It seems from this last comment that you re making some progress. There are some points I should make.
First, when you convert to a polar form, remember that a tool like cart2pol works around the origin. So if your data is offset, then you would need to translate it, so the origin is directly in the center. A mean shift is probably good much of the time, but if that translation is not perfect, then you would probably see a sinusoidal bias introduced into the expression r(theta).
Next, in the case of the relationship you show, a simple model is probably not too bad. Essentially, you would be creating a simple Fourrier series approximation. But if that is inadequate, you might be forced to use other model forms, perhaps regression spline based models.
The problem here, is that a simple fit of the form y=f(x) must fail, because this is not a single valued relationship.
After a polar transformation, we would see:
[theta,R] = cart2pol(px,py);
And this is now a single valued function, thus R = f(theta). So in theory, things can be done.
We might now wish to fit this data using what is essentially a fourier series approximation. There will be a DC bias in there, so a constant term. The model would be of the general form:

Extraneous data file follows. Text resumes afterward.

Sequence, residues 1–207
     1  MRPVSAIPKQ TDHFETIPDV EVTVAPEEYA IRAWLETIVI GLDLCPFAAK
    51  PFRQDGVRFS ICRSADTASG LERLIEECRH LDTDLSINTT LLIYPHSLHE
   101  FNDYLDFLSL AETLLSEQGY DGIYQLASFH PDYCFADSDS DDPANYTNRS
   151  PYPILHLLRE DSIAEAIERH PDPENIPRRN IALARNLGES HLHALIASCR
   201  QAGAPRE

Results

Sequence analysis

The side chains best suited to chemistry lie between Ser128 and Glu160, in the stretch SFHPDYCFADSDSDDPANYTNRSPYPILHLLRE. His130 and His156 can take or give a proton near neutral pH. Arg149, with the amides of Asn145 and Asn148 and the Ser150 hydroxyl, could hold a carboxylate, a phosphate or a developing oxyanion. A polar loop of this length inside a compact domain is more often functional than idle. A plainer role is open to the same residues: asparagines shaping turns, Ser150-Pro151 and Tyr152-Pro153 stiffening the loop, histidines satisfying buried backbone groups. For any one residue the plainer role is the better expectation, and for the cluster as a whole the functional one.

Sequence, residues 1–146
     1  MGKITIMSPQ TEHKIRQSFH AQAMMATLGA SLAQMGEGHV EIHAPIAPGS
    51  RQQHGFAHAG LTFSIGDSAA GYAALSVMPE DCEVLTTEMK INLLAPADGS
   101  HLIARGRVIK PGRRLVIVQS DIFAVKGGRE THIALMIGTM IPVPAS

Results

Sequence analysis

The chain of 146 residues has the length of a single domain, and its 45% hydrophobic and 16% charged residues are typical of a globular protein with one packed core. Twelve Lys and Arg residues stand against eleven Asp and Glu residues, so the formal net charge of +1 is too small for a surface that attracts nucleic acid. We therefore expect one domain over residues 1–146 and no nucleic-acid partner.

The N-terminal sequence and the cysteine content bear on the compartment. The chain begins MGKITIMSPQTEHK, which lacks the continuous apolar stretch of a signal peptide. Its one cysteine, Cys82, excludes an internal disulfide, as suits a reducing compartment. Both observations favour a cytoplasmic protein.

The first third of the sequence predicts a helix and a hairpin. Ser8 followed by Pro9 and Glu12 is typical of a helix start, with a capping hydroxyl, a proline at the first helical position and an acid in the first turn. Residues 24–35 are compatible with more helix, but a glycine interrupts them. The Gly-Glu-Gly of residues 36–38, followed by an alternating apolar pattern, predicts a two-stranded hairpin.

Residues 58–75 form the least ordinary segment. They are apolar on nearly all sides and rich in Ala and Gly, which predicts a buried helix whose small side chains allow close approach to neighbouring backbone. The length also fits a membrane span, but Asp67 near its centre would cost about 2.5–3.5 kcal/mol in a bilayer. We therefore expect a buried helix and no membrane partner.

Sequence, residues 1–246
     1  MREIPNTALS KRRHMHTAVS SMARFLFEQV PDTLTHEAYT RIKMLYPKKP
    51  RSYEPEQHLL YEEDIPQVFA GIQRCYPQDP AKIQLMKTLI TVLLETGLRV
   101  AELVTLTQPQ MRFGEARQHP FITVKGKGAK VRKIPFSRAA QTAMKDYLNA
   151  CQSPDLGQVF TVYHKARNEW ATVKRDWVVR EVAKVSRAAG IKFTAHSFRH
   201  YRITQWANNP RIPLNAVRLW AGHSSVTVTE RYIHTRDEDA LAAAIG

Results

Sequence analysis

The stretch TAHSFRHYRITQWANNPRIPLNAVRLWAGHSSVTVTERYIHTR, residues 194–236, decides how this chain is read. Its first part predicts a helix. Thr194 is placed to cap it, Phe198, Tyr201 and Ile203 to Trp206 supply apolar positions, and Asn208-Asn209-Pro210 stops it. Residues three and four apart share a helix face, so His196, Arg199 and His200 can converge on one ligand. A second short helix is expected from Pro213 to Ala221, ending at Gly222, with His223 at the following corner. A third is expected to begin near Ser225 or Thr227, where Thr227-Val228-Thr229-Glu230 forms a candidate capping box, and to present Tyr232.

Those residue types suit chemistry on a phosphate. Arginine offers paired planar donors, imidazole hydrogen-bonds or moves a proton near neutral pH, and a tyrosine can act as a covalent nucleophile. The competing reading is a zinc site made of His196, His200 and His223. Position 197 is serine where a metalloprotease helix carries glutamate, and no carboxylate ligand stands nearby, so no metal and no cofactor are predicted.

R(theta) = a0 + a1*sin(b1*theta) + a2*cos(b2*theta) + a3*sin(b3*theta) + a4*cos(b4*theta) + ...
You could use as many terms there as you can estimate. Good starting values would be important of course. Is all good now? NO! You still have a significant problem.
At least in this data, we see cusps at every peak. That corresponds to essential singularities in the derivative, but still singularities. Can a functional form on the one I showed above represent a function with singularities well? Sadly, no. No simple trig series can represent a function with singulariites in it without infinitely many terms. Those cusps become a problem. And sadly, any other tool you use, such as a regression spline will also see a problem, since most functions do not handle singularities well, even if they are only in the derivatives.